Trio tries crowdsourcing to open a cafe in Fields Corner
Three Dorchester residents are turning to the community to try to raise the money needed to turn an empty space in the Linane Building, 1448 Dorchester Ave., into a cafe that will focus on both baked goods and the community.
Elisa and Vivian Girard, who live in Fields Corner, and Jack Wu, who lives in Ashmont, hope to raise $60,000 by May 5 on their Indiegogo site to open Homestead Bakery and Cafe:
Our independent and locally owned café will be a gathering space for people from all walks of life. We will offer tasty food and excellent coffee in a cozy, inviting setting. It will be a place where neighbors meet, community events are held, and ideas are exchanged.
They say they would pay their workers fair wages and create a job-training program for local teens.
The $60,000 would be in addition to the $100,000 loan they are negotiating with the Boston Impact Initiative, which focuses on loans in "communities who have been impacted by racial, social and economic inequality."
The three also held a fundraising party on Friday.
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As someone who works in the Fields Corner area, a nice cafe is badly needed. Unless you feel like trekking to one of the 4 Dunk's within a 1 mile radius of Fields Corner, there is no place for decent baked goods or coffee. Now I can finally counter my coworkers who keep saying "I wish Fields Corner had a Starbucks."
Sorry, Starbucks can only write cute Race slogans on their cups, investing in the inner city is crazy talk....... #RaceTogether applies to only white enclaves. How many Starbucks in Mattapan, Dorchester & Roxbury???? Crickets...
What's next Food Basket replaced by Wholefoods?
South Bay is the only
South Bay is the only Starbucks. I don't mind going to Milton if I want Starbucks. I prefer to support the local coffee shops anyways; Mudhouse, PS Coffee, Flat Black and the Sweet Life is good too (but necessarily convenient).
independent coffee shops
Why has no one mentioned the Dot to Dot Cafe on Dot Ave. just past St Marks going towards Ashmont. This place is a community gathering spot, serves terrific and reasonably priced food and of course coffee. The owner has been active in civic community building for many years.
Dot 2 Dot is a great place
Dot 2 Dot is a great place with wonderful people and food. But I live in Fields Corner, and can't walk 2 miles out of my way to get coffee in the morning before heading to work on the train. There's room for both, and having somewhere like this right in Fields Corner lets me get the products I'm looking for AND spend my money in my own community.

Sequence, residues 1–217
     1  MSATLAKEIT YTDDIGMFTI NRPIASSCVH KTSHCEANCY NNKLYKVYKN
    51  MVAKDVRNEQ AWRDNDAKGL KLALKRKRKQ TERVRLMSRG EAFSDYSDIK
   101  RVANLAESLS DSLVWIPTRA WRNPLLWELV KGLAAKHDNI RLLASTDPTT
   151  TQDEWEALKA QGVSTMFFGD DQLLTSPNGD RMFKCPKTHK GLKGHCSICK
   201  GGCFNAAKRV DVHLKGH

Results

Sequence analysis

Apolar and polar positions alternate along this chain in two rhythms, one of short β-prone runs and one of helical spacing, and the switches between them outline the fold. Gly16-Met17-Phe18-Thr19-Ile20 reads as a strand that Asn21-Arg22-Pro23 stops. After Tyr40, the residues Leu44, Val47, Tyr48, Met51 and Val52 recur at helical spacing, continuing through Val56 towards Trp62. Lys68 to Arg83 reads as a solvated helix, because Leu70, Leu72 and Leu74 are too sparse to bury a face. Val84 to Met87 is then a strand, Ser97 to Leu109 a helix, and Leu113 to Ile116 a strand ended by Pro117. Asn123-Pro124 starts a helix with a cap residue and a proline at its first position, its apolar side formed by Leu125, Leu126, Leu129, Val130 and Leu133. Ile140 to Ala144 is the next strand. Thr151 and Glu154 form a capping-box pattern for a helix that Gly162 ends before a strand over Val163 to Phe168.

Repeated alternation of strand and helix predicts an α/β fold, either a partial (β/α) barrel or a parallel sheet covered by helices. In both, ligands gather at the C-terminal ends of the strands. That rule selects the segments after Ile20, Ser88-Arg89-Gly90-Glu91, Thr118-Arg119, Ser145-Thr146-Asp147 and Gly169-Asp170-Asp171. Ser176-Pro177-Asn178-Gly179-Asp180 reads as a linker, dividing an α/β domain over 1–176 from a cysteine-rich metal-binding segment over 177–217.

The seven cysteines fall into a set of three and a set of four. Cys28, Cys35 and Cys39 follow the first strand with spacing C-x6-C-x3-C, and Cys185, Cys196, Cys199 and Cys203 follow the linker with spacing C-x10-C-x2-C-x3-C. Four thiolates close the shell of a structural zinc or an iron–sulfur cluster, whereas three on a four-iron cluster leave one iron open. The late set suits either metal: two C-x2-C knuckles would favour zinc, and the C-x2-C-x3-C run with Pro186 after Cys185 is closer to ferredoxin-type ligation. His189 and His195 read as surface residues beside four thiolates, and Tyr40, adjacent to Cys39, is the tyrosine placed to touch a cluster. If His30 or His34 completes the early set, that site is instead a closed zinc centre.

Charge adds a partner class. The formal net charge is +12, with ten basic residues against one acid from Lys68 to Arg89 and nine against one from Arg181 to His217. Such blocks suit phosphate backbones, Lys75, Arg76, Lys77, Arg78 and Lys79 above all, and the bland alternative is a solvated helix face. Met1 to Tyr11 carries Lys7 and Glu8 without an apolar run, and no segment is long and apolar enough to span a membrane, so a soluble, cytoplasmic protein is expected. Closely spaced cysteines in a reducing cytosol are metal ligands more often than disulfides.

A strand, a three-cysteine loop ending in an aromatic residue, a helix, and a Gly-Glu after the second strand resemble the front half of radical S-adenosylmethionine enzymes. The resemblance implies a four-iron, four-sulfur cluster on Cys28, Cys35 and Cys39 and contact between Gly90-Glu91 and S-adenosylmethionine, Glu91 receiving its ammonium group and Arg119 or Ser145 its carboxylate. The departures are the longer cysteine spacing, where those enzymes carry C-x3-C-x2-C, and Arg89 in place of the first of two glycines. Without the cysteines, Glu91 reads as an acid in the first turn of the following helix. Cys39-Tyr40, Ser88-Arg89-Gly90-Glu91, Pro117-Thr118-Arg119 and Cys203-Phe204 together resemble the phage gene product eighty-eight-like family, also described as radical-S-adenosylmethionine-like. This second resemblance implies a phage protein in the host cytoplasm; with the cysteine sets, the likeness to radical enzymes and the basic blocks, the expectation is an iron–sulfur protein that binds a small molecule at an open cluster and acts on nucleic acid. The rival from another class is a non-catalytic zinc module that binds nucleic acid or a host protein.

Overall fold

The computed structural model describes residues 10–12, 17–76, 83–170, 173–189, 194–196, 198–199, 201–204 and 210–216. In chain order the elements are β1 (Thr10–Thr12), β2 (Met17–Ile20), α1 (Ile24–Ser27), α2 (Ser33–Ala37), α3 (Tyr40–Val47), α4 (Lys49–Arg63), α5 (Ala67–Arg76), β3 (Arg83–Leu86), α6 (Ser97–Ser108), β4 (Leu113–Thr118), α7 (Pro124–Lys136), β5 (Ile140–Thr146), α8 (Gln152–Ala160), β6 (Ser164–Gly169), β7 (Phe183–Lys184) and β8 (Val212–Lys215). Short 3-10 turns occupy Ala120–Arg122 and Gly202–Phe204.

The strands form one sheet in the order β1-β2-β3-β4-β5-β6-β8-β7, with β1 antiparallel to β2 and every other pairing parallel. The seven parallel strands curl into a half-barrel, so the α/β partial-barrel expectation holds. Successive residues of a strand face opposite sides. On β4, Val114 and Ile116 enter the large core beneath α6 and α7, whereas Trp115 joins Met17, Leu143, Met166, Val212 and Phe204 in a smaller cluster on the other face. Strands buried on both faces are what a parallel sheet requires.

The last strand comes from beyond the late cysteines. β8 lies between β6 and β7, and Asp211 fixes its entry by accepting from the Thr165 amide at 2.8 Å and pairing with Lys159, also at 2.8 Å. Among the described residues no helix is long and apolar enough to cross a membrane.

Ca phe sua da and a banh mi from Chau's bakery or Ba Le and you're on your way.
Ever try Dippin Donuts coffee
Ever try Dippin Donuts coffee? Had breakfast from there once or twice, but not sure how the coffee is.
I want to like Dippin Donuts
There are no other breakfast places between Dot2Dot and McKenna's, but unfortunately it's disgusting. Good location to be a great diner.
Fantastic! When I had it, a
Fantastic! When I had it, a friend had picked up breakfast. I didn't actually go in and now I won't! Thanks for the heads up. It would be a good location for a diner. I love McKennas but the line gets so crazy if you go after 9. Dot 2 Dot is good, but I think the prices are a bit steep for breakfast, I'd rather just go to the Ashmont Grill.
How about Flatback Coffee?
It's not exactly right down the street but there is Flatback Coffee in Peabody Square (aka Ashmont Station). It's a great local business. Try the Ethiopian Yirgacheffe. You won't be sorry.
Two issues with Flatblack:
Two issues with Flatblack:
1. Ashmont is a long way from Fields Corner, and a long way in the wrong direction if you're trying to grab coffee and a muffin on your way into work in the city.
2. Flatblack closes at 5. I live near Ashmont, and would spend a ton of money there if they were open in the evening.
Flatback is great, but it's not within walking distance of Fields Corner. And the weekend hours are very limited. There's no coffee place where one can sit and read, do some work, or just hang out anywhere near Fields Corner. I'd like to be able to walk out of my home and perch somewhere within a five- or ten-minute walk.
Sounds like a cool idea.
I worked in the Fields Corner area one summer, roughly 35 years ago. It didn't have any good cafes or whatever then, and it could use at least one or two of them now. Although I'm not a resident of Fields Corner, I wish the people who plan to open a cafe/baked goods place that focuses on the Fields Corner community all the best of luck and hope it all works out for them and the community.